Historically, cover letters were a must for any job application. While much more common and often requested in academia and internship programs, my more recent recruiting experience shows cover letters have become a rare occurrence for my industry - and are reviewed less and less by recruiters. In my opinion, your resume should be your strongest selling point. It should be tailored to the position you are applying to, and a strong professional summary at the top should provide enough information to persuade the reader to continue reading and reviewing the rest of your resume.
When reviewing an applicant for a hands-on laboratory role, I always start with the resume. Ensure your resume includes all lab techniques and instrumentation experience relevant to the position. Yes, you can include a cover letter, but your time may be better used by writing a strong resume.
Always plan to include a cover letter, but don’t count on it being read. For that reason, be sure that everything you want a potential employer to know about you is in your resume. Use the cover letter to explain any special circumstances or how you are a great fit for the position.
Briefly, yes, although their importance has changed over time. Cover letters are still the easiest way to show your personality before meeting a single company representative. Some hiring managers read every single cover letter after an initial resume screen. You can rarely predict a hiring manager's preference unless you know a well-connected person within that company.
Therefore, if there is an option to add a cover letter, it almost certainly won't hurt to provide one. Furthermore, a creative, well-written cover letter can set you far apart from another that simply follows a bland 3-paragraph formula. Corollary: if you're merely pasting a form cover letter from the internet and changing some words to tick the box, stop wasting your time.
Having said that, some job applications don't even have an option to add a cover letter, which speaks in part to their waning popularity; in which case, don't fret--you've saved some time and can pivot your focus to tailoring your resume perfectly to the role! You could also attempt to inject some "personality" into your resume, which is admittedly a balancing act, but if you're applying to multiple jobs per day, you should spend some time experimenting!
The cover letters are a key portion of the application file. Ideally, they should complement, but not duplicate, the information in the CV/resume. Cover letters should be concise and targeted, conveying your interest in the position, as well as why you are the best candidate. Several CVs can show comparable technical skills and experience, but the cover letter can make a difference in shortlisting or ranking candidates for interviews. A strong cover letter can demonstrate to the recruiter your genuine interest in the position, as you invested the time to build your application thoroughly. In addition to technical skills, the cover letter can also speak to any soft skills (or even personality traits) that might enhance your performance in the job.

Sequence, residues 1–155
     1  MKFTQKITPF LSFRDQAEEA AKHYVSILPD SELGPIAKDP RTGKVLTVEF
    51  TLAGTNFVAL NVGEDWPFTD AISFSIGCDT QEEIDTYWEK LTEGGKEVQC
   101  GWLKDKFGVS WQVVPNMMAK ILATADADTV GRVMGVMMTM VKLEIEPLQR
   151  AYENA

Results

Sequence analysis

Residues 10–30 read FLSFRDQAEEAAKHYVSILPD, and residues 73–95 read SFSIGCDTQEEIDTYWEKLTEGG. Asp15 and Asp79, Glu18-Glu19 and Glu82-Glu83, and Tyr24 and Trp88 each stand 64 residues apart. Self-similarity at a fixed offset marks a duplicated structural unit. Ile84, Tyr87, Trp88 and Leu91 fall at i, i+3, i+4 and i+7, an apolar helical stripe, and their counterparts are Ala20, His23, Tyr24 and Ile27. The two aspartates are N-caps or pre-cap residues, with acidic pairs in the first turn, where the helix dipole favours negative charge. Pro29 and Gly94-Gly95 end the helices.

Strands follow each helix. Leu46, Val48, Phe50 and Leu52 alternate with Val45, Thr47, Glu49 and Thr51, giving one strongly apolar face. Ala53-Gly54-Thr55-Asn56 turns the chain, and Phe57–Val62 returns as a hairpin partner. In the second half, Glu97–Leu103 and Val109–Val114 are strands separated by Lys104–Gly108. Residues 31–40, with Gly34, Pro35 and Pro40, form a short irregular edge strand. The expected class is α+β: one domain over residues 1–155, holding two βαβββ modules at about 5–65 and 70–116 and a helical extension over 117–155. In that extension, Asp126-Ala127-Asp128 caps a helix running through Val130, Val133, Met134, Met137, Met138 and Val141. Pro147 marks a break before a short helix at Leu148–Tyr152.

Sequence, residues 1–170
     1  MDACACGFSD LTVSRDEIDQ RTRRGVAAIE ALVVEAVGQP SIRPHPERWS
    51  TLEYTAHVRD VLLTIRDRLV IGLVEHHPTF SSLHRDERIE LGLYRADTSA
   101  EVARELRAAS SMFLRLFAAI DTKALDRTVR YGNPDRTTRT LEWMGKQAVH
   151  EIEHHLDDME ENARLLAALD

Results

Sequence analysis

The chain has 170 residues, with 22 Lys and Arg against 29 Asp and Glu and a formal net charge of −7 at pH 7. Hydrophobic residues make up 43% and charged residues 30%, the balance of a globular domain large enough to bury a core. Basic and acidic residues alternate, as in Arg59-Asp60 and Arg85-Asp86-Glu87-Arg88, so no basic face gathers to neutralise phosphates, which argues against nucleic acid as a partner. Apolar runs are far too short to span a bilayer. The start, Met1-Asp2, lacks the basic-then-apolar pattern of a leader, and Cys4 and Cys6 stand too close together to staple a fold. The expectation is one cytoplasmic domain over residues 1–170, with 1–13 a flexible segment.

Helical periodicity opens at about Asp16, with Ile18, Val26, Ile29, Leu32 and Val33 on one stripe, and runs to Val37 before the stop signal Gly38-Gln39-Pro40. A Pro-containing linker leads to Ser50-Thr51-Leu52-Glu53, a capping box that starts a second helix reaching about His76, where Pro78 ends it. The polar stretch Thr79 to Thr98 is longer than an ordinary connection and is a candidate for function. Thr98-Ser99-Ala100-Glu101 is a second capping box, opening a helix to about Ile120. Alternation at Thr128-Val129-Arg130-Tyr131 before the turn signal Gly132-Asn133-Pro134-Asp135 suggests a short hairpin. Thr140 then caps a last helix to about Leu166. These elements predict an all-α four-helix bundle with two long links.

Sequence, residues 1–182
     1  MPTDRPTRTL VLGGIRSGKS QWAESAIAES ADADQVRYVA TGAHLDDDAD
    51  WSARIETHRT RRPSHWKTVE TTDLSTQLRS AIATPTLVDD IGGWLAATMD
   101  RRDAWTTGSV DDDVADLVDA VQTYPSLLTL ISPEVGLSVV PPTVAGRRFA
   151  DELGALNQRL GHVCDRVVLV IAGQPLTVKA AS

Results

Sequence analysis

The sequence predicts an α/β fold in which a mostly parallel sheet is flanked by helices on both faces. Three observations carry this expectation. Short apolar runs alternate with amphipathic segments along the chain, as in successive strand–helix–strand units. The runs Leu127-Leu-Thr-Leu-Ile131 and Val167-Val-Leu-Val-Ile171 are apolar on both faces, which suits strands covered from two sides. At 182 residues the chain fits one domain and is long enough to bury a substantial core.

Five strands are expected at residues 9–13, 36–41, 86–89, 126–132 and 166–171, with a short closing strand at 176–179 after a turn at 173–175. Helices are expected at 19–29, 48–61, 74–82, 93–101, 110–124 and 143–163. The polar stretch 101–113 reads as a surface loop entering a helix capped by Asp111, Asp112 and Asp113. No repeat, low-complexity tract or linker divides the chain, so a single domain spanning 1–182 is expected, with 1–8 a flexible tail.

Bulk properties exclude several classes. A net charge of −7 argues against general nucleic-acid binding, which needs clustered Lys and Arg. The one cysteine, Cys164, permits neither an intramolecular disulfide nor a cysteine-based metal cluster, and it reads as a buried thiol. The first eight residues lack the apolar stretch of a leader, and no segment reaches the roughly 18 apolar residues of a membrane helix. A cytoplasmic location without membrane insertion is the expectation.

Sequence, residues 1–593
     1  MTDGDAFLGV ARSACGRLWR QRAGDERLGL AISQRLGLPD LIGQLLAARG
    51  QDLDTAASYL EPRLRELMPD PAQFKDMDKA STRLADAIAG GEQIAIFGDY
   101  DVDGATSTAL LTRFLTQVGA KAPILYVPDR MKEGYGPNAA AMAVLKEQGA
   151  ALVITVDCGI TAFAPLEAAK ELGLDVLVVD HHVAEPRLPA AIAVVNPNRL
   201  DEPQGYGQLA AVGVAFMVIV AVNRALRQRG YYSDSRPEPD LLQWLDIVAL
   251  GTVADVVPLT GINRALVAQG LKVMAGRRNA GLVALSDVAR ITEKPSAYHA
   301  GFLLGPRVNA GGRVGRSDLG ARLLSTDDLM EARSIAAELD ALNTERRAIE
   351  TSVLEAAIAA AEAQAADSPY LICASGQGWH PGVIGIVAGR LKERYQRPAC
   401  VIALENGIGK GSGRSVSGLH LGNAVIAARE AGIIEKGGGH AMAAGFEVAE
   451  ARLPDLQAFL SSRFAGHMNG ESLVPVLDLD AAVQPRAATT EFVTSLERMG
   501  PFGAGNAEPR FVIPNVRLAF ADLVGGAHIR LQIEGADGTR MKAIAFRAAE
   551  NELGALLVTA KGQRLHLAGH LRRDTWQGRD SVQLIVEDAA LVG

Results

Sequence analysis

The cover letters are especially important when switching fields because they are your first opportunity to explain the rationale for the career move and demonstrate how your skills apply to the new position, which might not be obvious from the CV alone.
While an actual ‘letter’ is less relevant in the age of online submission, you should have some sort of ‘cover letter’ prepared to use as part of an email, LinkedIn communication, or just talking points. This is especially critical when it might be hard to see your fit for a position when the resume doesn’t tell specific motivations or reasons for pursuing that job. This communication is a great way to show why you’re interested in the job. The cover letters are especially important when switching fields because they are your first opportunity to explain the rationale for the career move and demonstrate how your skills apply to the new position, which might not be obvious from the CV alone.
This article has been edited for length and clarity. The opinions expressed in this article are the author's own and do not necessarily reflect the view of their employer or the American Chemical Society.
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